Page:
Trial from God...or deserved consequences?

Discussion in 'General Discussion' started by devilslayer365, Dec 11, 2017.

  1. Scooby_Snax

    Scooby_Snax Rut-Roh

    My definition is probably wrong for predatory lending. That is most often used for mortgage loan issues. I agree, no one is forced to borrow. Credit card companies will, however, extend credit to those who may not be able to repay based on their income and current debt.
    If your credit is good, you can have a foldout wallet 3 feet long of credit cards if you wish. :)
    It is the consumer who must be able to see their own limitations, but often they do not.
  2. teddyv

    teddyv The horse is in the barn. Staff Member

    Really? So, we can just ignore the moral and ethical considerations then?
    (I heard somewhere that the Jubilee was never officially carried out during Israel's history prior to the exile - but I'm not certain on that. I do not recall the Biblical writers ever really bringing it up)

    That is true enough. I was using the term force more colloquially, but you are right.

    When your business model is effectively predicated on people not meeting contractual obligations then I think that is morally dubious.

    The whole 2008-era mortgage fiasco is a major can of worms that a lot of people should have gone to jail over, but did not.
    IMINXTC likes this.
  3. RabbiKnife

    RabbiKnife Open the pod bay door, please HAL.

    When the US government decided to get into the loan guarantee business, that was a constitutional overreach for which people should have been impeached, that is for certain.

    Governments have absolutely no business being in the mortgage business. The only exception I will make to that is the idea of the government offering Veterans loans on preferential terms in return for their service in uniform.

    Otherwise, all lending should be private with no government backed loans or guarantees.

    The efficient capital market should deal with interest rates, underwriting, and terms of loans.

    I'm not aware of any business model that is predicated on people not meeting contractual obligations.
  4. teddyv

    teddyv The horse is in the barn. Staff Member

    cough credit cards cough
  5. RabbiKnife

    RabbiKnife Open the pod bay door, please HAL.

    Credit card companies have to build in gazillion dollars for losses when folks don't pay as agreed or file bankruptcy.
    Credit card companies make money when people make their payments including interest.

    If people can't do basic math in regard to interest amounts and minimum monthly payments, then shame on them for agreeing to the terms. Credit card company has been neither immoral or engaged in a business model predicated on people not paying pursuant to the contract.
  6. TrustGzus

    TrustGzus Don't make me hangry Staff Member

    RK, do you own Mastercard?
  7. teddyv

    teddyv The horse is in the barn. Staff Member

    Exactly what I'd expect from you. So, if they have to cover those billions in losses, why were they sending out cards like junk mail for years and years. They were preying on the stupidity of people. For years Sears department stores primary source of income was their credit card business. Why do credit card companies put out minimum repayments (10% of balance) if not to induce the consumer to remain in debt. Why did they not routinely let the consumer know that if they followed that plan, they would never repay that debt. If this is not morally and ethically dubious, then I don't know what is. I'm not saying it's illegal, or that there is no complicity in the consumer, but come on.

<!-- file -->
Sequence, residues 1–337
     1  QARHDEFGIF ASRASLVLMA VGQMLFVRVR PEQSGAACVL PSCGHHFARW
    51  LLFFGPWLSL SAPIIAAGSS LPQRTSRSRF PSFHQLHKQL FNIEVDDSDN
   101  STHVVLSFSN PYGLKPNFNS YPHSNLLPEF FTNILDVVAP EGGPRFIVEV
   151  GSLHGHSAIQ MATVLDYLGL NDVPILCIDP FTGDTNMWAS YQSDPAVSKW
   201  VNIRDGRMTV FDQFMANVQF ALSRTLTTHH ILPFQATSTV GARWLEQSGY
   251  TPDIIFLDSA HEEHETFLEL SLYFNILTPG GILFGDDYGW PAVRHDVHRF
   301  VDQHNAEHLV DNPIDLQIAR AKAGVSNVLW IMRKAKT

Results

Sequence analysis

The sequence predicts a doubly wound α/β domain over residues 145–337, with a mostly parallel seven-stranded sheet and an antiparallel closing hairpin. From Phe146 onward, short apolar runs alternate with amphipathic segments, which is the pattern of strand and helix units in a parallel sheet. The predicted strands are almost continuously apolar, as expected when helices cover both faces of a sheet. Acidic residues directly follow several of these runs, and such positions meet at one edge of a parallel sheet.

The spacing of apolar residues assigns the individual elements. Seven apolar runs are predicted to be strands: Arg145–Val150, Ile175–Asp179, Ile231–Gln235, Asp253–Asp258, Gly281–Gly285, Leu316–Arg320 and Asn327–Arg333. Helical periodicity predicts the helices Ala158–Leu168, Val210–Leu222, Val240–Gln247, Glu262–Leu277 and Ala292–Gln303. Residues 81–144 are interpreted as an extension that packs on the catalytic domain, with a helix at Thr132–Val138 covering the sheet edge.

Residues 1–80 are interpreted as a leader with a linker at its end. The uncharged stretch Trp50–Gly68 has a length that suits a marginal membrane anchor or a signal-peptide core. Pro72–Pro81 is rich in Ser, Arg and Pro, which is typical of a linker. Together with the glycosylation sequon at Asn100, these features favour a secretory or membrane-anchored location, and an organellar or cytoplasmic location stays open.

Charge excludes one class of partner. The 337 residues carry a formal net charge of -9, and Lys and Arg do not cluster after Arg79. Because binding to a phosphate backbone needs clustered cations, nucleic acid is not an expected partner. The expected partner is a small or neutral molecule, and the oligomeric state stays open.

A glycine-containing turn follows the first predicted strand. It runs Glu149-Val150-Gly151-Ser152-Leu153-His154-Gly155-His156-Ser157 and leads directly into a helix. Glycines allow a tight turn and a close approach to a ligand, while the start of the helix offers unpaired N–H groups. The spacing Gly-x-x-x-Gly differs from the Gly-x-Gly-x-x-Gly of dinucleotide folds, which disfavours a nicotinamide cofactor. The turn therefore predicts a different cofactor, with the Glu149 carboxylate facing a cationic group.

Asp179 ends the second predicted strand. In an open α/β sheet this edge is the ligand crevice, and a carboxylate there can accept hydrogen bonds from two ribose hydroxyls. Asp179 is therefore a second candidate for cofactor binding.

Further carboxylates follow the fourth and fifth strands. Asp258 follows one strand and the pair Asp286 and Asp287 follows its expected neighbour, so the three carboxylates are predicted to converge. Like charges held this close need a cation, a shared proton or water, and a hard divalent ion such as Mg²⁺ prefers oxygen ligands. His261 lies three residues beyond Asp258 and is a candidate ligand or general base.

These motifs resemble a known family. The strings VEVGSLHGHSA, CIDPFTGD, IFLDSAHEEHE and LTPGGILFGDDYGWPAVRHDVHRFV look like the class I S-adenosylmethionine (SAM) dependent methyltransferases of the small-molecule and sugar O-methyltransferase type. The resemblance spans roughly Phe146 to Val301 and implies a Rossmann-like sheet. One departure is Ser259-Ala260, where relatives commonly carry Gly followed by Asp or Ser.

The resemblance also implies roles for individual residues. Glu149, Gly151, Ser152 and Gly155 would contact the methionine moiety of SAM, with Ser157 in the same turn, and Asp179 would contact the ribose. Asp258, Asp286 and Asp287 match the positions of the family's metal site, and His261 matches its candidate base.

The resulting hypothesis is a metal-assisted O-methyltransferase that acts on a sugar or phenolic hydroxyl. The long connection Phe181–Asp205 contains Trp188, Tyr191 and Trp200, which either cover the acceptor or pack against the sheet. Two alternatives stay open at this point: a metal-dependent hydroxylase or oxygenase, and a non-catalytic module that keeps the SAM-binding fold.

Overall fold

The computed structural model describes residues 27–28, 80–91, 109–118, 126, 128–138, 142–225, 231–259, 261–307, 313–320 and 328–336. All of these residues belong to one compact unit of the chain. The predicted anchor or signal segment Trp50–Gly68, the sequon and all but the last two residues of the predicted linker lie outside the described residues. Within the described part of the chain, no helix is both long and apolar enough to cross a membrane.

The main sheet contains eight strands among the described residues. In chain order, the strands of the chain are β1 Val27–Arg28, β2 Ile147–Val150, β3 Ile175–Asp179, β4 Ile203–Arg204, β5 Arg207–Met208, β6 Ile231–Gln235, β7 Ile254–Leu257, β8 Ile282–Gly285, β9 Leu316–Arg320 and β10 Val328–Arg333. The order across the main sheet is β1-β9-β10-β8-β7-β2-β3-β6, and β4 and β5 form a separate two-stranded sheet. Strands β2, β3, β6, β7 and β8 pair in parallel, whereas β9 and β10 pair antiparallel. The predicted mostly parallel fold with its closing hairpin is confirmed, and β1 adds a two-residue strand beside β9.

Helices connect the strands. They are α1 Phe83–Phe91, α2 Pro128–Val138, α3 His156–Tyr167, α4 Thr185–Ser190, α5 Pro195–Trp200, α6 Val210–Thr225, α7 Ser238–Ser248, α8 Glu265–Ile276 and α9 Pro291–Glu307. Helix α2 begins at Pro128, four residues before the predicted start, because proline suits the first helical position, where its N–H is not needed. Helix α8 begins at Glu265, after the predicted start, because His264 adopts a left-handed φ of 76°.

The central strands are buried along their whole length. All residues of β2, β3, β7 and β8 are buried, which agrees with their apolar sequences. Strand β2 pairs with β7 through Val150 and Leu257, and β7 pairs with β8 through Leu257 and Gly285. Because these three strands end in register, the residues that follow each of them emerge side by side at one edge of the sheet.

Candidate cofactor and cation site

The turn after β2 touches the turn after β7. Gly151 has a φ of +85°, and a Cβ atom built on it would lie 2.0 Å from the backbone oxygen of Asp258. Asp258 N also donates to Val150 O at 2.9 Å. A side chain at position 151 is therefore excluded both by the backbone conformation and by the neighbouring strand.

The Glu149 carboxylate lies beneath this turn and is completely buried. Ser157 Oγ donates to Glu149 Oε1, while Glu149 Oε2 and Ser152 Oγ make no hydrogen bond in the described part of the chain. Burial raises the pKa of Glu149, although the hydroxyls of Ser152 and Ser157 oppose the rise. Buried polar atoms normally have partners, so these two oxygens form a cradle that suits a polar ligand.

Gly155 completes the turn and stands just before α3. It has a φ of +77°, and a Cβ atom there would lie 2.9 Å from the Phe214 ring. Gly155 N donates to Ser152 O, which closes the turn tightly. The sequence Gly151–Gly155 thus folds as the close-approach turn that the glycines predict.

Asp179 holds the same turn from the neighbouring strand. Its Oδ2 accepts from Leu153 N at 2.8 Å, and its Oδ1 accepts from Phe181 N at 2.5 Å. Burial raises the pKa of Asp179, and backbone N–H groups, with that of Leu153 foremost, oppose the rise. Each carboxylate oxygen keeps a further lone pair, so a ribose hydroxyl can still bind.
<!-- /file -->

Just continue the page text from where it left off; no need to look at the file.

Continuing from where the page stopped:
BTW, do the Old Testament/Torah moral or ethical duties not apply anymore?
  8. devilslayer365

    devilslayer365 Wazzup?!

    I agree with some of what you say. Credit card companies DEFINITELY love when customers make ONLY the minimum payments, as it will take forever to pay off their debts. They make money off the interest the whole time. They HATE when you borrow very little and then pay off your monthly payments in full every month.
  9. RabbiKnife

    RabbiKnife Open the pod bay door, please HAL.

    As in, "do I own stock in MasterCard"?

    No. From time to time I look at VISA, AMEX, and MC, but I've not had sufficient time to really research their stock performance to make a call on any of them.

    Do I have a MasterCard? I don't think so, but my wife may have one.
  10. RabbiKnife

    RabbiKnife Open the pod bay door, please HAL.

    No, OT/Torah moral or ethical duties do not apply anymore. The rule of the Kingdom has a higher standard.

    Part of that is honoring your agreements and paying your obligations as you promise.

    I do not see any reason to impose of a lender the duty to do basic math for the borrower.
  11. devilslayer365

    devilslayer365 Wazzup?!

    I agree. The interest these credit card companies charge is ABSURD...but it’s one’s choice to get a credit card or not and it’s one’s responsibility to know how much, and why, the payments are. And it’s one’s obligation to pay them as required. If people don’t like their situation AFTER they’ve gotten a credit card...they need to not run up more debt on them, pay the suckers off as fast as possible, and cut up the cards.
    Last edited: Dec 21, 2017
  12. hisleast

    hisleast FISHBEAT!

    Predatory: Targeting a weakness in order to exploit a resource. In this case, the resource is someone's money. The weakness is that not everyone is a lawyer, and can't comprehend the Terms and Condition sections of modern credit instruments. Now, perhaps the wise man shies away from deals he doesn't adequately understand... but not everyone is wise. It is right to be skeptical and to provide protections from lenders who bury their lecherous intent behind veils of legalese.

Share This Page